Wining and opining: Boynton woman uncorks frustrations about sober homes

Wine, or any alcohol, isn’t allowed in a sober home. But that doesn’t mean you can’t mention sober homes on bottles of wine. Just ask Linda Morton of Boynton Beach.

Linda Morton holds a bottle of homemade win from her "Rehab Road" winery.

Linda Morton holds a bottle of homemade wine from her “Rehab Road” winery.

Morton lives on Riviera Drive, a cul de sac just north of Woolbright Road that is home to at least three sober-living residences. She and her neighbors are so frustrated by noise and traffic from the recovery homes that they coined a nickname for their street earlier this summer: “Rehab Drive.’’

Morton, who works as an accountant, also has a hobby: She gets together with friends every few months at her house to make homemade wine from kits.

When bottling her latest batch of “seaside sauvignon blanc” in October, she made up fancy labels with a new name: “Riviera Rehab Road Winery.’’

“I thought, ‘Oh, this is a perfect label,’’’ said Morton, who lives next-door to a sober home and across the street from another one. There’s also a sober home at the end of the cul de sac, and Morton says a fourth sober home is planning to open on the street.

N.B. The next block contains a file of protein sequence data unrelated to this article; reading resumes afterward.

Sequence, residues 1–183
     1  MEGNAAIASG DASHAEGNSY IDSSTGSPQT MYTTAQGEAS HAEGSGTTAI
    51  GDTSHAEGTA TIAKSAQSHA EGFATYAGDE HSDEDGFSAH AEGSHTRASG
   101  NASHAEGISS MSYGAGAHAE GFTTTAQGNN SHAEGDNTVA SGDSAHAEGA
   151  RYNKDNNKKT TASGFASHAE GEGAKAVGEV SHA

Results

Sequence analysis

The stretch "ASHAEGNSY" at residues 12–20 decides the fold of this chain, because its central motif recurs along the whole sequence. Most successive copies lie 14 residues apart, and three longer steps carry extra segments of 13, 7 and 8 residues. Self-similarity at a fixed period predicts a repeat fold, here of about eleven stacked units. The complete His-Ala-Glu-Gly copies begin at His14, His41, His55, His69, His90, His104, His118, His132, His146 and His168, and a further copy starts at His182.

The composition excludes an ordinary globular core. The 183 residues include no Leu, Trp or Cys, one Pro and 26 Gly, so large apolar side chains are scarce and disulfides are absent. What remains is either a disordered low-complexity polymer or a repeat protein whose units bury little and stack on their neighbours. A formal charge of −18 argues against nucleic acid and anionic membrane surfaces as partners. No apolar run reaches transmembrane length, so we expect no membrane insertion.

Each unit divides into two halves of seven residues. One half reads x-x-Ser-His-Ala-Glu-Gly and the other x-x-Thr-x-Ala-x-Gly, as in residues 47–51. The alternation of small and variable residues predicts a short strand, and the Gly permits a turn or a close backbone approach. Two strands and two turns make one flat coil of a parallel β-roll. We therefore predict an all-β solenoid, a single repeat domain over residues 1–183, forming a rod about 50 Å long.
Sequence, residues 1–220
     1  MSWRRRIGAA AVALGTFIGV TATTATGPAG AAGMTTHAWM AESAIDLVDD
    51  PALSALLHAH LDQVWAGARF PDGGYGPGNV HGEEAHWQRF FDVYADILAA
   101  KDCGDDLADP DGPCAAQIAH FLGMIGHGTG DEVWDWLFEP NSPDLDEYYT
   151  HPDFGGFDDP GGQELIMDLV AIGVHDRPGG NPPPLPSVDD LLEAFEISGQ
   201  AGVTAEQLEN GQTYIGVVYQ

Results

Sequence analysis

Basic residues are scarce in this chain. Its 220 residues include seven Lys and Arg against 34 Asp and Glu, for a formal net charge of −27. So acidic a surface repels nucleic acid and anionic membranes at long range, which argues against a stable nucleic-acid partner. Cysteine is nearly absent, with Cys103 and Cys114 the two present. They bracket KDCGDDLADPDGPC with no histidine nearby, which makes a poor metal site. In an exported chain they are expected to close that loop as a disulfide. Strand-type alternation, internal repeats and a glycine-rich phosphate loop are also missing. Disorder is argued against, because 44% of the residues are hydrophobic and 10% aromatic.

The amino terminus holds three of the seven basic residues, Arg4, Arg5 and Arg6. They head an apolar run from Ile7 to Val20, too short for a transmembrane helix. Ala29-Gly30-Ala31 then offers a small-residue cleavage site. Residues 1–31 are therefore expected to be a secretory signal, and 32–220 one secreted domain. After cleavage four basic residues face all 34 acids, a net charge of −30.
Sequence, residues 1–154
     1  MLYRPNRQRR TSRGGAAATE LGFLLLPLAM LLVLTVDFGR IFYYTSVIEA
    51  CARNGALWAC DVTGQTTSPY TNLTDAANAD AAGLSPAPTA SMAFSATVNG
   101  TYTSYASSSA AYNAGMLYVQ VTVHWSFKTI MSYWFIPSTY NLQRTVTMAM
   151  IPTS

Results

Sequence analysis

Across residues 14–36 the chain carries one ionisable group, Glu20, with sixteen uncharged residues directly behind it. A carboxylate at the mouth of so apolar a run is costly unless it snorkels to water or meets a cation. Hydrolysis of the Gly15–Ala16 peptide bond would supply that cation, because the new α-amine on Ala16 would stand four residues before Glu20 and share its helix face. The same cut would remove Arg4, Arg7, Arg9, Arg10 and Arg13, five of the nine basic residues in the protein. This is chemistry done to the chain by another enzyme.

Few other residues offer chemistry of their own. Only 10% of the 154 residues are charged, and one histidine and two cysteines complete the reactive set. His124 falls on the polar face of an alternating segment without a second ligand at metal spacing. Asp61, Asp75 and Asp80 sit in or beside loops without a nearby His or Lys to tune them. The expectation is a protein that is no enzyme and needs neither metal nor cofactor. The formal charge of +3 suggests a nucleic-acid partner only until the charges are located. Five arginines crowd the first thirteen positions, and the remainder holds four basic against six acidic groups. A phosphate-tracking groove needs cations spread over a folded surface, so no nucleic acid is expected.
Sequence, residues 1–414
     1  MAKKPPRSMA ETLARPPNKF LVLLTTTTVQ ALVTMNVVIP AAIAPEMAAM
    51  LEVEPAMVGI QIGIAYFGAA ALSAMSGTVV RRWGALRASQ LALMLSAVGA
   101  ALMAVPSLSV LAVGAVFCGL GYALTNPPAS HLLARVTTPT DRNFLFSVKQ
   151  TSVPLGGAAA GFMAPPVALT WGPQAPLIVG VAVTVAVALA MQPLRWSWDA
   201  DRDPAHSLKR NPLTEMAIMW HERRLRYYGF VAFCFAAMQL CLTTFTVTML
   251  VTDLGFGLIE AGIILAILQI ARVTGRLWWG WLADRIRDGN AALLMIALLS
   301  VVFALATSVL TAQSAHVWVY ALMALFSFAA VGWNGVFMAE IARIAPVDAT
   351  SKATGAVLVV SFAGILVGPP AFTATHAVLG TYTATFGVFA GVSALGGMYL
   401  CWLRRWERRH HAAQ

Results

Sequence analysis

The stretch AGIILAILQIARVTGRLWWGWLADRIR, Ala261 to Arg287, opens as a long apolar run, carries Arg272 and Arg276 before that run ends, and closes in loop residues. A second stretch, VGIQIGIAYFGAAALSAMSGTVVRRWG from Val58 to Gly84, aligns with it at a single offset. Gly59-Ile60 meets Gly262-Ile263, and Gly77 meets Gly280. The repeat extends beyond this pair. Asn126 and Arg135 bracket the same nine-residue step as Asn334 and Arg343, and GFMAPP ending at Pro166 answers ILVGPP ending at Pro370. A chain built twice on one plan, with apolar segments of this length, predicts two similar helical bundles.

“Four (sober homes) on a street of 14 houses? Hello?’’ she said.

Mike Rumpf, the city’s planning and zoning director, said the city has not received an application for a fourth sober home on the street. But officials are aware of the other three homes.

wine-bottlesMorton and other neighbors have complained to the city for more than year about problems from the sober homes, ranging from cars racing down the street to being cursed by sober-home residents when they ask to keep noise down.

In most cases, the city is limited in imposing any restrictions because sober homes are protected by the Americans with Disabilities Act.

“They are rude and obnoxious,’’ Morton said of the sober home residents. “It’s like trying to fight somebody who has a sword and I have a toothpick.’’

Those frustrations, she said, are what prompted her to resort to a bit of comic relief and add the “Rehab Road” labels to her latest batch of wine. “It’s like the stages of grief,’’ she joked.

Her latest batch of “Rehab Road” wine won’t be ready for six months. But when they are ready to uncork, she might throw a neighborhood party.

“I’ll invite my (anti-sober home) neighbors to come over and drink it.’’

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